The crowd tonight was a little more mixed than usual. Plenty of 30 somethings and newbies, mixed with the hard core Todd freaks. We were all hanging out front smoking (they haven't outlawed outdoor smoking in NYC....yet) waiting for the show to begin. Down the street, someone spots a six foot skunk. Todd and Michelle, obviously late, speed walk through the crowd to the backstage door. Applause applause. Stop for a photo and he's gone. The house lights flash on and off and we all go in and take our seats.
Royston Langdon was pretty good. His vocal stylings were a bit Anthony Newley at times but he could play the piano and write some well crafted tunes. Hopefully Todd and Royston will collaborate in the future. His writing style would benefit from some of Todd's tunefulness. No matter how complex or simple Todd's music is, you can always whistle the melody or main theme. There is something to be said for that.
Todd walked onstage to a packed house. Standing ovation from about half of us. He said he was happy to be back in the cultural capital of the world. The set list was similar to the other shows with a few omissions. He didn't play Cliche, Black and White or The Wheel. He did however, add the most excellent There Goes My Inspiration. It was the highlight of the show for me. What a great song. He was dead on for most of the set. Only a few minor flubs and one major meltdown on Hello It's Me. That's OK, I can forgive any mistakes.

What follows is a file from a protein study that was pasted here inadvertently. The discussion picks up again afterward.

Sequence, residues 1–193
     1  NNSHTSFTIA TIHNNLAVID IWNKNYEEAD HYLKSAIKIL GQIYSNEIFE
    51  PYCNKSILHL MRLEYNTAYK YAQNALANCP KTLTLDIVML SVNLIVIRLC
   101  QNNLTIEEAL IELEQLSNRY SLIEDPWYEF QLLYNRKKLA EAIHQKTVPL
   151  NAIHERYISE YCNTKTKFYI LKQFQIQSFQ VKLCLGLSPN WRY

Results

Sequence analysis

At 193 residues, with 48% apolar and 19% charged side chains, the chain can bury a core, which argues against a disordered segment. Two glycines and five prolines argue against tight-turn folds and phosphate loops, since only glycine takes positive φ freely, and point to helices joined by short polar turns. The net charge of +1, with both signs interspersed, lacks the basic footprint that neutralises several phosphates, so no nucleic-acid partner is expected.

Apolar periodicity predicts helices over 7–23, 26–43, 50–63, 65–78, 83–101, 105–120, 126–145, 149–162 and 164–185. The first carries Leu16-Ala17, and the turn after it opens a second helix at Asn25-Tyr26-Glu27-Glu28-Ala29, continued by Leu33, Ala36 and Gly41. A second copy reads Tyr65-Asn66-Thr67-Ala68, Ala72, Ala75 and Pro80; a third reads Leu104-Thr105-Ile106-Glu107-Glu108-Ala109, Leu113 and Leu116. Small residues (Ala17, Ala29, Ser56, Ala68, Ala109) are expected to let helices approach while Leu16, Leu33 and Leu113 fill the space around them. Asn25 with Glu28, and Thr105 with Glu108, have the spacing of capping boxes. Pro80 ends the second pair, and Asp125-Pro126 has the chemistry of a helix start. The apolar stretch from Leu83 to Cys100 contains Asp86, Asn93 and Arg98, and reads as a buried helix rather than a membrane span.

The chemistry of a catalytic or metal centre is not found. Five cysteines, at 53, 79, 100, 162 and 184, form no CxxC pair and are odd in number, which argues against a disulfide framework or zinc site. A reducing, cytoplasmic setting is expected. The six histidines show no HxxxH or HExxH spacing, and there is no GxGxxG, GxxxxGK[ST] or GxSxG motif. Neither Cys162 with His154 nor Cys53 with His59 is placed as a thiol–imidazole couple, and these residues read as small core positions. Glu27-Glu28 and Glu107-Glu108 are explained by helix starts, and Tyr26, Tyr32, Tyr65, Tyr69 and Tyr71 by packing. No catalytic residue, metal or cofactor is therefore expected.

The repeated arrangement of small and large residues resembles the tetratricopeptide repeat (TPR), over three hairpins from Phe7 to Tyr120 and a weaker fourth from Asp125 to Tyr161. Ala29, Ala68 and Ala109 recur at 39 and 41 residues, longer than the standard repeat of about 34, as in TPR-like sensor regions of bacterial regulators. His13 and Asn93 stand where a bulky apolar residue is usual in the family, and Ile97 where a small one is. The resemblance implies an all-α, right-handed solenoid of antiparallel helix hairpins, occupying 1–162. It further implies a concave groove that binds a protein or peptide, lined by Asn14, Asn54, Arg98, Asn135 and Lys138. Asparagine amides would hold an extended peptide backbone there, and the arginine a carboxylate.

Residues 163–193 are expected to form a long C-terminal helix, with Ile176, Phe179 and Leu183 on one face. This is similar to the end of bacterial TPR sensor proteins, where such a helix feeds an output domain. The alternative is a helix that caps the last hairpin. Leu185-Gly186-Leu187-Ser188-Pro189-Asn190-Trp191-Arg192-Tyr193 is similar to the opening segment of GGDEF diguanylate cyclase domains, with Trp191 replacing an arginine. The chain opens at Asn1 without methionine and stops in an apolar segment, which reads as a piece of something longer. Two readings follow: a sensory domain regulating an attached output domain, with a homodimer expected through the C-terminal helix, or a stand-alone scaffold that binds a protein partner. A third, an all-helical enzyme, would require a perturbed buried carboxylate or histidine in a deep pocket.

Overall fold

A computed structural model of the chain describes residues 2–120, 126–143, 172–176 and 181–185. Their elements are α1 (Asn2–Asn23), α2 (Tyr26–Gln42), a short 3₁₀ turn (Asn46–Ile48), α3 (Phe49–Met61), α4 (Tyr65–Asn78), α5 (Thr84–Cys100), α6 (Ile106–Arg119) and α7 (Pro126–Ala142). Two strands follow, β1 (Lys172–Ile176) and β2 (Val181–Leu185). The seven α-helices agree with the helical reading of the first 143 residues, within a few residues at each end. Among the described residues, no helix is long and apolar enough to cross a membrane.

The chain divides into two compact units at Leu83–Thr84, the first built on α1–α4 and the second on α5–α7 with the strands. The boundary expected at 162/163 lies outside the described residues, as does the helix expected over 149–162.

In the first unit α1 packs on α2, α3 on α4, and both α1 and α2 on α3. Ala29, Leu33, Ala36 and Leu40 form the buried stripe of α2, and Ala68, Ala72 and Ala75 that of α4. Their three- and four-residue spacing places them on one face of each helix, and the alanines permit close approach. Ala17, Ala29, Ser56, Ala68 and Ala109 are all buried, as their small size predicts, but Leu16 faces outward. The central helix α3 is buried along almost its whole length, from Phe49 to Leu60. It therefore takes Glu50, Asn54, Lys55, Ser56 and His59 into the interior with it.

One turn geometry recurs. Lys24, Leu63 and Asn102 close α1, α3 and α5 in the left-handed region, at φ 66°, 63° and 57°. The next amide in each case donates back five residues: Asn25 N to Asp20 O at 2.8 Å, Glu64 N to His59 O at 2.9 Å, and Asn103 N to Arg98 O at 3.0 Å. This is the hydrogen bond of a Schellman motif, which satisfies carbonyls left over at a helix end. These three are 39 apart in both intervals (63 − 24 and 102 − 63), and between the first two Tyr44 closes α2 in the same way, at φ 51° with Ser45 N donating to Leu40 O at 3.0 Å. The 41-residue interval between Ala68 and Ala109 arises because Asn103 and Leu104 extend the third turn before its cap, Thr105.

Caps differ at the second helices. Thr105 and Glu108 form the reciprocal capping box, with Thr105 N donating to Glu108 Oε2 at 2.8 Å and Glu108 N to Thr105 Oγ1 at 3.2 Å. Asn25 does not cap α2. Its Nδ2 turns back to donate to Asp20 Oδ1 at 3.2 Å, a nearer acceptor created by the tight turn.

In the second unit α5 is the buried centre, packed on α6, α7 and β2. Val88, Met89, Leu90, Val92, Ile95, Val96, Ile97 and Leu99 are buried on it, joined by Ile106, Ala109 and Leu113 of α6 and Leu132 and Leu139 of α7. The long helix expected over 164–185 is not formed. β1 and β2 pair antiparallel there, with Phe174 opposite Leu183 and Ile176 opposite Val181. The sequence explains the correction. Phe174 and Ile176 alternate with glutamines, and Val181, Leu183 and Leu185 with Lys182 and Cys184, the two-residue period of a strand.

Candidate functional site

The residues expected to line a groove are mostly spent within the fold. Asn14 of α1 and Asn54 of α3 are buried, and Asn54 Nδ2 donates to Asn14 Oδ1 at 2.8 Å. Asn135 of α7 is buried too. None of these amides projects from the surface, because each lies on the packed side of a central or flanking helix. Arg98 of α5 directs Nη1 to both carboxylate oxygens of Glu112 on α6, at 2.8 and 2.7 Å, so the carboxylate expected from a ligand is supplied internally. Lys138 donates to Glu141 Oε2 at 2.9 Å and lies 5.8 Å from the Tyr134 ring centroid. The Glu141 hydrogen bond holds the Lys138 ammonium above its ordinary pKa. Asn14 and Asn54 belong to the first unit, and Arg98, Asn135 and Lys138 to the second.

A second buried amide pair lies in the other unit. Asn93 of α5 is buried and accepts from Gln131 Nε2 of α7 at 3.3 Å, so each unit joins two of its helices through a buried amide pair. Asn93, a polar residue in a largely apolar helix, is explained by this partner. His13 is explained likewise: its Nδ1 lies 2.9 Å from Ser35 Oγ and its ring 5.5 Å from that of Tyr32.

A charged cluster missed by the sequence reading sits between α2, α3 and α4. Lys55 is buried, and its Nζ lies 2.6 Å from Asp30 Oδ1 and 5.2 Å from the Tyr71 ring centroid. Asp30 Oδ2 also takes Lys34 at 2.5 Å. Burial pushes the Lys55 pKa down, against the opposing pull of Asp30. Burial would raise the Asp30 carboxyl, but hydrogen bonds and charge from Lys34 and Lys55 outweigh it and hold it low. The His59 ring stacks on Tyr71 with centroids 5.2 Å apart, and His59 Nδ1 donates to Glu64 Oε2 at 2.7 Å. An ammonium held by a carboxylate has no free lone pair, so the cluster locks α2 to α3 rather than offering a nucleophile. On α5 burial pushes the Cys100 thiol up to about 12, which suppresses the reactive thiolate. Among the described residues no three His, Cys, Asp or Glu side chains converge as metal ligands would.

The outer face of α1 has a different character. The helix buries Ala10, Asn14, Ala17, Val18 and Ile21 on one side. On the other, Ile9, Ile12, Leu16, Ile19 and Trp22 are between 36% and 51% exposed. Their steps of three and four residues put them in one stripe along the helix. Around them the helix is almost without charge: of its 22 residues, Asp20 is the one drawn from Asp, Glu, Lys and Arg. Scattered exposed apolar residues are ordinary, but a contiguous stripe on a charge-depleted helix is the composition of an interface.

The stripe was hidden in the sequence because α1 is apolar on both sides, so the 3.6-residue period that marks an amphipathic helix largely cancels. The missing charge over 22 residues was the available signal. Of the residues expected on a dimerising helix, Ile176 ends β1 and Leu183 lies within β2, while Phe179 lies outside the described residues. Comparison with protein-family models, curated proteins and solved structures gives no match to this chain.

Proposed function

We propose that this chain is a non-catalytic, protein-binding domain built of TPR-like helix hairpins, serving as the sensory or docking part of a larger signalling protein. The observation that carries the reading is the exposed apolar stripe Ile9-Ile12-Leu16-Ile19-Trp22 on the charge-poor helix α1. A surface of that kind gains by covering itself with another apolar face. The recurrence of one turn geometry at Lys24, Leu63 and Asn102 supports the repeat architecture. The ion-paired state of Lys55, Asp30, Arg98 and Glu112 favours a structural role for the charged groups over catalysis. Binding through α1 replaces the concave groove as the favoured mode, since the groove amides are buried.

Todd's not really a performer, he's more of an eccentric musical genius. Nothing compares to the insane beauty of his recordings. This is why I really loved the MP3 portion of the show. I would like to see a whole MP3 show, just like the old shows with the tapes. He could still tour alone, which is easiest, and he wouldn't have to worry about flubbing the piano parts. Just play along with guitar and sing. He could throw in a few gems like Long Flowing Robe or Trapped along with the standards. People really responded to I Don't Want To Tie You Down. Sometimes I think Todd underestimates his audiences knowledge of his body of work.
Damn, I am rambling. OK, so Todd loosens up about four songs into the show and starts talking about the war. He called rock stars pussies for holding their tongues for fear of being boycotted a la The Dixie Chicks. Absolutely! What ever happened to my rock and roll? Thirty years ago this audience would have cheered Todd for his remarks about our illegal war (Iraq does not = 9/11) and the frightening policies of George W. Bush, now they just sat there all fat and scared and quiet. It's good to see Todd hasn't gotten soft. He didn't go on a full scale rant instead he said he would let the music do the talking. He sat down at the piano and pulled out the greatest live version of Compassion I have ever heard. The best singing all night, even the high parts. Beloved Infidel and Lunatic Fringe closed out the political portion of the set.
The Beatles songs were well received but jeez Louise, two in a row? To his credit, this did boost the energy level of the crowd. Born To Synthesize with a little Marriage of Heaven and Hell thrown in along with the Jetsons theme was a real crowd pleaser as well. I like the new arrangement. I read a Todd interview and he was shocked that a bunch of electronic acts have covered BTS. I think Todd is completely unaware of his influence on musicians. NEWSFLASH!!!......Todd you are a legend.....I know you don't understand the impact of your body of work.........everyone else does.
One World closed the show and then back out for two quick encores, Hello Its Me and A Dream Goes On Forever. Hello was great but flawed, just like that rabbit toothed, horsefaced, rainbow haired freak that is still alive inside of Todd. That's the beauty of Todd. Todd is god, don't you forget it.